Monthly Archives: April 2010

optional columns using the css adjacent combinator

We’ve started a blog at webwork. We will be adding to it periodically when we think of cool things.

To start, I’ve written a small tutorial on how to make different column layouts without having to use different classes and IDs to indicate which layout to use.

creating optional columns in website layouts

CMS Design with jQuery and PHP: moving a recaptcha form

reCAPTCHA is a free captcha service which lets you use their captchas for your programs.

I wanted to create a login/password-reminder page, with recaptcha used in both forms.

Unfortunately, you can’t have two recaptcha images on the same page, as every time the image is displayed, it is a new image and the old one is no longer valid (which means that if it’s used in two forms, you can only ever submit the second one.)

A solution that came to me is to “move” the captcha from one form to the other, so you’re only ever actually using one recaptcha.

So how is it done?


In the demo, I’m using jQuery UI to separate the forms into two tabs.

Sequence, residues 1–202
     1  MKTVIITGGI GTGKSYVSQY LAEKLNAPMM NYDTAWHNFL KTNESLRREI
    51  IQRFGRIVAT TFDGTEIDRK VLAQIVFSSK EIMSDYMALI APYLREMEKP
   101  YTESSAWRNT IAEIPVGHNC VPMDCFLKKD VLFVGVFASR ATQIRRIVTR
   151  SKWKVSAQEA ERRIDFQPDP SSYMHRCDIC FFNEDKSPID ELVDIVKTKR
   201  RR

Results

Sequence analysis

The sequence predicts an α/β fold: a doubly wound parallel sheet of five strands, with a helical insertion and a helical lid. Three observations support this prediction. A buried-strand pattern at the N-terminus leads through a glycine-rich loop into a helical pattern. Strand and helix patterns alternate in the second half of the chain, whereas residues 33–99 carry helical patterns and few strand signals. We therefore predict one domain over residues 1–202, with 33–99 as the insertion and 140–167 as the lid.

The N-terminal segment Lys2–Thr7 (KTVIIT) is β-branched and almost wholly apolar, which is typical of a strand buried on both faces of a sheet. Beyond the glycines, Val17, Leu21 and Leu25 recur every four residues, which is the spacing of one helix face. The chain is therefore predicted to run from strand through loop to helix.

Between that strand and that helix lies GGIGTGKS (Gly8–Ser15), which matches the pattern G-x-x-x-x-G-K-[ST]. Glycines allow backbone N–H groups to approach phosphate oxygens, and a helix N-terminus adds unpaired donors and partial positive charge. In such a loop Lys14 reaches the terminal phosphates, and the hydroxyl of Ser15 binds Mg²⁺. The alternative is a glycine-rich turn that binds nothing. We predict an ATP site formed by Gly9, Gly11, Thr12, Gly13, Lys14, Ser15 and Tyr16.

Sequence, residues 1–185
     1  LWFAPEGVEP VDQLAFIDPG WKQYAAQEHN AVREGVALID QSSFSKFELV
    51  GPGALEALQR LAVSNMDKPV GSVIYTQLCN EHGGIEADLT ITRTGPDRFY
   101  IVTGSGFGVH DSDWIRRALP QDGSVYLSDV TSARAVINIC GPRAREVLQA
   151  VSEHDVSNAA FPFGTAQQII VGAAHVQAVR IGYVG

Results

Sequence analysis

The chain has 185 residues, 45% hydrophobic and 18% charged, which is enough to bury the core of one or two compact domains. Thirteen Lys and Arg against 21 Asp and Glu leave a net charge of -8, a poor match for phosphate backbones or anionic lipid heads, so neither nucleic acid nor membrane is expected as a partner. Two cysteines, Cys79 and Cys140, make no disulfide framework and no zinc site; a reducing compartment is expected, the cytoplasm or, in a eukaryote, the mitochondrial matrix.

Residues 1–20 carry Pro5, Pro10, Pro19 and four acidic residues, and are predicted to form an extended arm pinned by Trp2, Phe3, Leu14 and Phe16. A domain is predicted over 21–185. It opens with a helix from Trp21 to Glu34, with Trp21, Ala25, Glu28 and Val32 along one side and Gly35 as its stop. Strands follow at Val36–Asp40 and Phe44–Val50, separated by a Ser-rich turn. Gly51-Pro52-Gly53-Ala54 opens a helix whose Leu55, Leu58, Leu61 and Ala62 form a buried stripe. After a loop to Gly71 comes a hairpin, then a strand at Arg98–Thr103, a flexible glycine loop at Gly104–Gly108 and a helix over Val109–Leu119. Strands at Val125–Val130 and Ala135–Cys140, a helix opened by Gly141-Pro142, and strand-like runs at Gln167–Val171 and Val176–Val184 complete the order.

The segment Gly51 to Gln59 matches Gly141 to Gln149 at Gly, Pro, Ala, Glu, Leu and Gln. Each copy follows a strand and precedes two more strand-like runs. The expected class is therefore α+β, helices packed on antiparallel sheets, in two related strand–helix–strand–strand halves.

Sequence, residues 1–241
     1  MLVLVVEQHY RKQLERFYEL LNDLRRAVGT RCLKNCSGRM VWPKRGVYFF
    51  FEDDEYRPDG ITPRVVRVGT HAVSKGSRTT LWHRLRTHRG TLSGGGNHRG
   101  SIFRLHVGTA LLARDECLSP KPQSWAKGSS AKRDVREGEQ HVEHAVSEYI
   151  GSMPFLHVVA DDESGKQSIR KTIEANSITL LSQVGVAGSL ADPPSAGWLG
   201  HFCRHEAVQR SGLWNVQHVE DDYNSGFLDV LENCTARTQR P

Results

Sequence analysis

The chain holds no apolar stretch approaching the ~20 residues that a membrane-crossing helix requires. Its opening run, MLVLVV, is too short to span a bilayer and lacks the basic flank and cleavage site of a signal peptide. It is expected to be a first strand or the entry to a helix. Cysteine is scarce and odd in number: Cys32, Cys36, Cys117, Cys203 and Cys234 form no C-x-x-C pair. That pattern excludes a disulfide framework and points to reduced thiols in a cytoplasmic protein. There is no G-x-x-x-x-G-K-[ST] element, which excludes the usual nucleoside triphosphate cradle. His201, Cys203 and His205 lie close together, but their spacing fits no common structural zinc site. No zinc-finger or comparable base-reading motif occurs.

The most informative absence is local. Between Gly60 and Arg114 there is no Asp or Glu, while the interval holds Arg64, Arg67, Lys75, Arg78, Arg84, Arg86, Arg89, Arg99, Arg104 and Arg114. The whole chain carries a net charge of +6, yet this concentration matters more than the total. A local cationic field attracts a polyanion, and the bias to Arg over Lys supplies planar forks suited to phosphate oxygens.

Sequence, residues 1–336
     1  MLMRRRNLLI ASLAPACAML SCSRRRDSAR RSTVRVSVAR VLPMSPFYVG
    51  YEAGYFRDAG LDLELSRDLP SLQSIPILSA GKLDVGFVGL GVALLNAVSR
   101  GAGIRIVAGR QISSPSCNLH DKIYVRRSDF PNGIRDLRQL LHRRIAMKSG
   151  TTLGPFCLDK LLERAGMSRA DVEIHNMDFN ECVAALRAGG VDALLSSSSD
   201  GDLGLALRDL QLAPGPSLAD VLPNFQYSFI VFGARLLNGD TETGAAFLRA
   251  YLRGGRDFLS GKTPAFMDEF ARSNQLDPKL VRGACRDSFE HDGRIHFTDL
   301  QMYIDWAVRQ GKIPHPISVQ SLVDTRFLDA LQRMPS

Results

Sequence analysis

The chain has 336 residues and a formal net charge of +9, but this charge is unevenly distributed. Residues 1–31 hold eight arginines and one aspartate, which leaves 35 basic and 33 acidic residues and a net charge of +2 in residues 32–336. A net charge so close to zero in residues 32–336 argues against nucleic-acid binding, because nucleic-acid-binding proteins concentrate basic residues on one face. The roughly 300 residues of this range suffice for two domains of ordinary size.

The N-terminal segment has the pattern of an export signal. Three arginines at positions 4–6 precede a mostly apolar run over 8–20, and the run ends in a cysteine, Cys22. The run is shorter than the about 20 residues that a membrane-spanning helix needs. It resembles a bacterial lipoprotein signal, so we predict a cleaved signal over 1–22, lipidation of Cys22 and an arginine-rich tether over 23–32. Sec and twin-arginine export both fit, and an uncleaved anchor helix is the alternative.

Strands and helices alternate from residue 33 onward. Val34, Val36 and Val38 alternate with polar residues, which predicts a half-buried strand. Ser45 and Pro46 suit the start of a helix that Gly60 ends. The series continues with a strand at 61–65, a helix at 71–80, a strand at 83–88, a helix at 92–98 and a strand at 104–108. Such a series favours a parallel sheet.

If you look at the source, you will see there is one recaptcha object, in the first table. The table row has the ID “captcha”.

The entire JavaScript used in the demo is this:

	// remove the captcha's script element
	$('#captcha script').remove();
	// set up tabs
			// if the captcha is already here, return
			// move the captcha into this panel
			$('table tr:last',ui.panel).before($('#captcha'));

The first thing that’s done is that the captcha’s <script> element is removed. If you don’t remove it, then when the table row is moved, the script will be re-interpreted, causing breakage.

Now, the tabs are initialised. We set the show event to run a little function. That function checks to see if the captcha row is contained in the newly-shown panel. If it’s not, then it’s moved there using this line:

$('table tr:last',ui.panel).before($('#captcha'));

The above line means “insert/move the #captcha element in front of the last tr in the table contained in ui.panel“.

This is part of the User Management And Access Control chapter of the up-coming book “CMS Design using jQuery and PHP” ( a sequel, sort-of, to my jQuery 1.3 with PHP).